PHP – Passing Variables By Reference and By Value

May 19th, 2010

By default in PHP, variables are passed around ‘by value’. i.e.

<?php
function increment($i)
{
$i++;
return $i;
}

$a = 10;
$b = increment($a);
?>

At this point, $a remains as 10, however $b is now 11. $b = increment(10); works just the same, and you can assign 10 back to the original variable with: $a = 10; $a = increment($a); This is called passing variables by value. i.e. I am passing the VALUE of $a to the increment() function.

We also have the option of passing variables by reference. For programmers that have worked with C before, this is a ‘pointer’.

<?php
function increment(&$i)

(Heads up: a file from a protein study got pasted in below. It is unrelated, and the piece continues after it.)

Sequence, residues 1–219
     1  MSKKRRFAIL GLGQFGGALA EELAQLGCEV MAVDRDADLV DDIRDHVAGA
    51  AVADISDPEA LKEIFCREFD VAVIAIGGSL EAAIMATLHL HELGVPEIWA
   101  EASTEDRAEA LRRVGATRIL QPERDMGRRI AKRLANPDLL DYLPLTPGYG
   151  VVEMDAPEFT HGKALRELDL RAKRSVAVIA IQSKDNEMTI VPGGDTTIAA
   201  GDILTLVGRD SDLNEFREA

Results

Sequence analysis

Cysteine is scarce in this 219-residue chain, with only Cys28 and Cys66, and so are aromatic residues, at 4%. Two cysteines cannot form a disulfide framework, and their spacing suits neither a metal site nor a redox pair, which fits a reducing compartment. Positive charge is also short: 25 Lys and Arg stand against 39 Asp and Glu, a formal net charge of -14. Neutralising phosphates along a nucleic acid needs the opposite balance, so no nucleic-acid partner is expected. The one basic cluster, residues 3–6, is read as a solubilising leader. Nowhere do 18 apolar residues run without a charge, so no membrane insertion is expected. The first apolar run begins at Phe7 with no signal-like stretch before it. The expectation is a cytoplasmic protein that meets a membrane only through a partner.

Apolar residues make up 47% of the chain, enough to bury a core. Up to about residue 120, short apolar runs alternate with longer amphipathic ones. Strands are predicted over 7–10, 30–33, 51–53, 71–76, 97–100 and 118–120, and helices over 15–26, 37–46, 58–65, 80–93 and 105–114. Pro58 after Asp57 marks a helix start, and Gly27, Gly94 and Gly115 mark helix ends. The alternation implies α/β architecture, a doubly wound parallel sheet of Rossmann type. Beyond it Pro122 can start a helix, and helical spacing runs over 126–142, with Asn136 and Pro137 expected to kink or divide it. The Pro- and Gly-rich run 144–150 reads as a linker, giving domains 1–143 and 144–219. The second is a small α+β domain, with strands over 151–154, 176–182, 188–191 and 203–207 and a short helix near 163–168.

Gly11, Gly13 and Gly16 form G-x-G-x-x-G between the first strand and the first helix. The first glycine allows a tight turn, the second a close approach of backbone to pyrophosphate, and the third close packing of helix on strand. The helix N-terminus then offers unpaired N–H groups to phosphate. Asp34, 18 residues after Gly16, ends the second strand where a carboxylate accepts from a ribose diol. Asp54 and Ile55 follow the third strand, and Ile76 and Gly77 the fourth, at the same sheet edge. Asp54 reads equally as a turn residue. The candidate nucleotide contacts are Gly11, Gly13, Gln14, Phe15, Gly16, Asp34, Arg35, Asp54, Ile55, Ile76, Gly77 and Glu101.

{
$i++;
return $i;
}

$a = 10;
increment($a);
echo “a has now become: ” . $a;
?>

In the case above, I am passing $a by reference.  i.e. the increment() function is operating on the variable $a rather than the value of the variable. Certain things that shouldn’t work get fixed by PHP, i.e. increment(&$a). By the time the increment() function gets to it, it is actually passing the reference to the reference to the variable. Certain other things will fail entirely, i.e. increment(10); will give “Fatal error: Only variables can be passed by reference”

PHP Programmer – Remove characters from the end of a string

May 18th, 2010

<?php
$s = “This is my string”;
$s = substr($s, 0, strlen($s)-2);
?>

This trims 2 characters from $s, resulting in “This is my stri”;

PHP – Checking for Array Keys

May 14th, 2010

As a PHP Programmer, I recently came up against an error while testing another developer’s code.. Within PHP, testing for the existance of the referring URL:

if (empty($_SERVER[‘HTTP_REFERER’])) will produce a notice:
Undefined index: HTTP_REFERER

The correct way to check for the existence of an array key is: if (array_key_exists(“HTTP_REFERER”, $_SERVER))